I enjoyed this book very much. I felt at times i knew the main character Ellen. I am a male catholic who can relate to Ellen and her struggle with leaving her husband .The book moves at a nice pace and will leave you wanting to know more . The book is very descriptive and has much depth in developing the central characters . You will feel like a outsider looking in when you read the book . I sometimes felt i was right there inside the kitchen with ellen ,fritz and james. As a catholic and a progressive i applaud the hurdles people like this overcame to grow as a person .

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  • Anonymous

    Posted March 14, 2000

    Sad, but....

    This book had a lot of good things about it. I liked the overall story line even though it was so tragic. The characters were all connected in a very distant type of way. It is a cold novel, not an escape by any means.

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  • Anonymous

    Posted March 12, 2000

    Couldn't put it down

    All I really remember is that I couldn't put it down because I related to the story. The characters were unique and interesting and the plot moved at a decent pace. Read it sometime!

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  • Anonymous

    Posted February 29, 2000

    Captivated with a kind of horrid wonder

    I started reading this book anticipating inspiration. At times I found the characters lives so miserable that I wanted to give up myself...and that's when I began to think maybe that was the point. It was the story of a woman's gradual descent to the depths of no longer caring, of completely succumbing to hopelessness. What kept me going was the ever dwindling hope that she would grab hold before the point of no return. The story was compelling and repellent at the same time. I kept turning to the picture of the author wondering who could spin such a tale. At times I felt that I wasn't enjoying this book, yet, I wanted to keep reading. Very thought provoking.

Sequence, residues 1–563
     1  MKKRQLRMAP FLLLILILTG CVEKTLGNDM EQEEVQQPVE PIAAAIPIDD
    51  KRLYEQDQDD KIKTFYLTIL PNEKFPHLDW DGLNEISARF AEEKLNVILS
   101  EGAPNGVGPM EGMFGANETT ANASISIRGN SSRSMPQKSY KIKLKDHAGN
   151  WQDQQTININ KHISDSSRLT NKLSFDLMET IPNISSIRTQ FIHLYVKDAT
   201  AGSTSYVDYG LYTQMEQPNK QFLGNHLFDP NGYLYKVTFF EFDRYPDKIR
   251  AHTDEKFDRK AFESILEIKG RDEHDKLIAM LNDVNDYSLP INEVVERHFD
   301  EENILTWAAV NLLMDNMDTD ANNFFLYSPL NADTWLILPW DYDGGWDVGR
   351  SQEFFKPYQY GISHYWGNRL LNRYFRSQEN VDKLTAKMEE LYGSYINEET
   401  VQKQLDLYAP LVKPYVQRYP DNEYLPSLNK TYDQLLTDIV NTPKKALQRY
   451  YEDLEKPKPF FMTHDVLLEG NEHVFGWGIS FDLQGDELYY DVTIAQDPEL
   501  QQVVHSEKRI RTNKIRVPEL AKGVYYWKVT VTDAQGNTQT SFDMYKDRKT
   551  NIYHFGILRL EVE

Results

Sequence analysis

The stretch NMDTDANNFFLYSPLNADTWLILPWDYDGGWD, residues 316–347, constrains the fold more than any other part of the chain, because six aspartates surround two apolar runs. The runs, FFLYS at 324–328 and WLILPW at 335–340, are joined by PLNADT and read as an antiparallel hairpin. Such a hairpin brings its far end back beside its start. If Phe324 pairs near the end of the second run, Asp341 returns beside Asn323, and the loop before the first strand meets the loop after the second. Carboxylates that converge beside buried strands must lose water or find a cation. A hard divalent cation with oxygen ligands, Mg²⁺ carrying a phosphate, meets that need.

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  • Anonymous

    Posted February 20, 2000

    Running true to course with all other Oprah books

    Reading other reviews I concur that yes it is a bit depressing. 99% of the Oprah selections have run this route, however, for a lot of people this is their lot. I enjoy these down to earth selections because they are realistic unlike those Danielle Steele books where everyone is wealthy, beautiful, and estremely intelligent.